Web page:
How To Become A More Decisive Person| 5 Techniques to Help You Stop Overthinking Everything

Let's face it, if you're running a business, you make a lot of decisions. And because you have so many daily decisions to make, it can be really debilitating to feel stuck!

At the beginning of this year, I noticed that, as I began choosing to take risks in our business, diversify, and try new things, I was faced with decisions that had higher stakes. And as I began taking on bigger decisions, I started becoming paralyzed with simple everyday decisions.

Raise your hand if you've ever deliberated wayyyyy too long on something small like whether you should have a breakfast burrito or a cinnamon roll. Red or white? Pants or no pants? Sometimes it feels like we have to make so many decisions that when the big ones come, we've got nothing left.

Here's how to stop overthinking EVERY. SINGLE. DECISION.. And...for the record. It's always "no pants."

5 techniques to help you become more decisive

Remember that "done is better than perfect"

If you have a habit of over analyzing, there's a chance you have gifts people need and are praying for but don't get to be blessed by. You probably have a cue of work that needs to see the light of day but you're just one step away from it being "perfect." 

If this is you, you're your own worst enemy. There are millions of people who could use your unique gifts. Just choose to do instead of perfect (Sheryl Sandber). Remember, done IS better than perfect. You can always iterate. But getting things perfect is a lie holding you immobile. It's time to break free and start running toward your gifts. People need you.

Remove unnecessary daily decisions from your life 

Things like choosing your meals, picking outfits, shoes, and determining your schedule create huge decision fatigue. Never do these things in the morning if you're struggling with indecisiveness. Instead, plan your meals and outfits at the beginning of a week or the night before. Automate the behaviors that don't matter so you are not starting your day expending decision energy on personal things.

Practice rapidfire decision making

Get a long list of either/or questions (this list is great). Set a timer for 30-60 seconds and have someone ask you as many of them as possible. Your goal is to spit out answers without overthinking. If you're really experiencing a block, you may feel like choosing between chocolate or vanilla is a life-altering decision reflecting on  your personal brand. Stop it. Turn off your thoughts, and just pick one. And note that you need to figure out how to deal with your block.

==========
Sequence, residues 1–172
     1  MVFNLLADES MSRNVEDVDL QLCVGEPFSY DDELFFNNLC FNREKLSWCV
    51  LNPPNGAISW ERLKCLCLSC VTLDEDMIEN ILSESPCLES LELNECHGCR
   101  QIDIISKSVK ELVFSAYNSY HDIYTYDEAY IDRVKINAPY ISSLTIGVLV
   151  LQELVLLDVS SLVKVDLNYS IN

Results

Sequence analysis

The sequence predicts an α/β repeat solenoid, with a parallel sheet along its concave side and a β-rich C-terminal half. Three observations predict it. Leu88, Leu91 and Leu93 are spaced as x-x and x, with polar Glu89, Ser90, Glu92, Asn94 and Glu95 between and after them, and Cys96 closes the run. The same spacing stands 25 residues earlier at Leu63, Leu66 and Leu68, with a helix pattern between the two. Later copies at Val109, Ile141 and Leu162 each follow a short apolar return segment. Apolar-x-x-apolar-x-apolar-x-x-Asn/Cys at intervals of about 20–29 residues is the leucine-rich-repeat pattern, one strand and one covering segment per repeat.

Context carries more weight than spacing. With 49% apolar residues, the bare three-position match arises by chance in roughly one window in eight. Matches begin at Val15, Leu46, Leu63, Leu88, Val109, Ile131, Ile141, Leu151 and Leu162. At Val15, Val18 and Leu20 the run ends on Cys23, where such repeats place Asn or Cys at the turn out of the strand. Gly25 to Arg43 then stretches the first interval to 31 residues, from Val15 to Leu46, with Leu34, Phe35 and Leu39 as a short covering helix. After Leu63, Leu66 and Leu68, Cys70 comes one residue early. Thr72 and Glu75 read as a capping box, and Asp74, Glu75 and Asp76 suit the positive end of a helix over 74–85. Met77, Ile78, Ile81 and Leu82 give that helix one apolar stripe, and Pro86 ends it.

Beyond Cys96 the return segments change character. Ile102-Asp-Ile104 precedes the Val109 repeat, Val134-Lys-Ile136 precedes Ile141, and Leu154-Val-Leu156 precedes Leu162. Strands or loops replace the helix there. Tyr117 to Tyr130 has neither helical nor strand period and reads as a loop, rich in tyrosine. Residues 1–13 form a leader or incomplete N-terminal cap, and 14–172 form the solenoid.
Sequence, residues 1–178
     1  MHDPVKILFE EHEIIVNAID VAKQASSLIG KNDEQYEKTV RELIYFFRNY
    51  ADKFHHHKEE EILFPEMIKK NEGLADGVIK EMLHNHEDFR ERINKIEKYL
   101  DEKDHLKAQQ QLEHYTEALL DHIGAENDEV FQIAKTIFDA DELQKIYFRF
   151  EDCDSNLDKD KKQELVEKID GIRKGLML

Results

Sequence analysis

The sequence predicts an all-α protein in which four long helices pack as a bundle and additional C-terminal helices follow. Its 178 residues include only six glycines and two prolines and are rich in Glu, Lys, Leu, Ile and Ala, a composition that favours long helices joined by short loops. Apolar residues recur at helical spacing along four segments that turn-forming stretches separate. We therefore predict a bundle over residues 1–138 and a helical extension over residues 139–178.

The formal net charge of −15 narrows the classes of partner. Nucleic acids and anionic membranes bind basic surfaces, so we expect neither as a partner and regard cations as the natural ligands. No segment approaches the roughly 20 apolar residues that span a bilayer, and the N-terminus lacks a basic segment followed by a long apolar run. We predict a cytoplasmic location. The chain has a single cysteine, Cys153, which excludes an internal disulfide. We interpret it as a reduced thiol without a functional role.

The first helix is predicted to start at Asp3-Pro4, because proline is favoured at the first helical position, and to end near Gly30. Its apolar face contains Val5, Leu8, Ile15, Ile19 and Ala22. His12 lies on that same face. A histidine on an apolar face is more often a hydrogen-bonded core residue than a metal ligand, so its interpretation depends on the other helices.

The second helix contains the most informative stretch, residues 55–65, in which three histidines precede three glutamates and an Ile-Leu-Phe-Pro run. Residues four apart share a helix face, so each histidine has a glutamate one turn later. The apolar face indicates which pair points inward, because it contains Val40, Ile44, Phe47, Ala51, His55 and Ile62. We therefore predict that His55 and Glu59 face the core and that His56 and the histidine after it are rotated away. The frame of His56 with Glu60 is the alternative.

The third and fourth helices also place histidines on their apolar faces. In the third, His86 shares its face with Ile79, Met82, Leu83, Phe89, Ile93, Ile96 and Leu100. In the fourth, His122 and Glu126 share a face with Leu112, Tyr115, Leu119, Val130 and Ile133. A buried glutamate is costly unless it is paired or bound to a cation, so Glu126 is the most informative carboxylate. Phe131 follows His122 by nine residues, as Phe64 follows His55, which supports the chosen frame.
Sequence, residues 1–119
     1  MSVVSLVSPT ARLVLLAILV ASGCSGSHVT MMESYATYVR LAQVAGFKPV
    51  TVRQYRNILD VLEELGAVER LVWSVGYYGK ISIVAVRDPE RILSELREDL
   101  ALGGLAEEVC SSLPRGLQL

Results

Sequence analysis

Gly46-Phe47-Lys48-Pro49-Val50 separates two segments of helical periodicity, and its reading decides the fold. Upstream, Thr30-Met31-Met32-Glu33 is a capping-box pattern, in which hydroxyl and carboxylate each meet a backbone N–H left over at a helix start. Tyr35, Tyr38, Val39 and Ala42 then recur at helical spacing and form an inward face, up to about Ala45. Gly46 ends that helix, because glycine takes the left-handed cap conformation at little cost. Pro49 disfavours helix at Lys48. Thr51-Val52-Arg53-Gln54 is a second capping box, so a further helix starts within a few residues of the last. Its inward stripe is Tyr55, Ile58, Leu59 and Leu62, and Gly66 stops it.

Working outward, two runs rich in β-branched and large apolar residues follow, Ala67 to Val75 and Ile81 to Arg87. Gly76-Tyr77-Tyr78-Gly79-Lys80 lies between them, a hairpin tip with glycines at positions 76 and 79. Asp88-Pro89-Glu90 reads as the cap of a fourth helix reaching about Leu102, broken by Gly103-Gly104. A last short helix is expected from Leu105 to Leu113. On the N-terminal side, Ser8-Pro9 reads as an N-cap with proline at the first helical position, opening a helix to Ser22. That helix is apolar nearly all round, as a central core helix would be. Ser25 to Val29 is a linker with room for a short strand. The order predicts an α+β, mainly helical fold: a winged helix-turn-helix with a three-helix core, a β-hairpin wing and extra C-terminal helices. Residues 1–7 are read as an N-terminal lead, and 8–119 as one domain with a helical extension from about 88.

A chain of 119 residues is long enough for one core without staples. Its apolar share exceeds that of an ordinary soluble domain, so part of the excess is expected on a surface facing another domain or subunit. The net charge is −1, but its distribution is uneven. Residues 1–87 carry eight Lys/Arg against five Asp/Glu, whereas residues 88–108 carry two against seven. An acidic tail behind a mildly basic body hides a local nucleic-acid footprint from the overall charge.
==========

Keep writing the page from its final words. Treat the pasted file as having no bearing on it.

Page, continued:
Take 10 minutes off your grocery shopping time

Seriously-the next time you do your grocery list, plan for about 10-15 minutes less than you know you need. For instance. I can do about 2 weeks of shopping in 45 minutes. I create a list for that, and then give myself 30 minutes to get the shopping done.

If you’re working on decisiveness, you’ll be amazed at how many times you hear voices in your mind creating indecision. “Do I get jasmine or basmati rice?” “a bag of apples or pick each one?” “cheddar or barbecue chips?” Your mind will start panicking and make each choice an epic decision, so know your list and route, and get things into that cart that are supposed to be there.

Eliminate “Maybe” from your vocabulary

When asked to make a decision, “maybe,” or “I’m not sure,” need to go bye-bye. Instead, your answers are “yes,” “no,” or “give me one minute to check and confirm.” And don’t be afraid to say no. It can be deeply powerful.

“The difference between successful people and really successful people is that really successful people say no to almost everything.” ~Warren Buffet, famed investor

My dear friend, I hope this empowers you to invest your precious energy into the things that are worthy of it. You are doing great things and serving others generously. Don't let your mind hold you back from the important things you are doing. 

Want more help being a decisive person? Sign up for my email list here, get the cheat sheet "How to be a more decisive person" and you're in for some behind the scenes content only available to my subscribers. Join the fun here!

THE SUCCESSFUL CREATIVE (1).png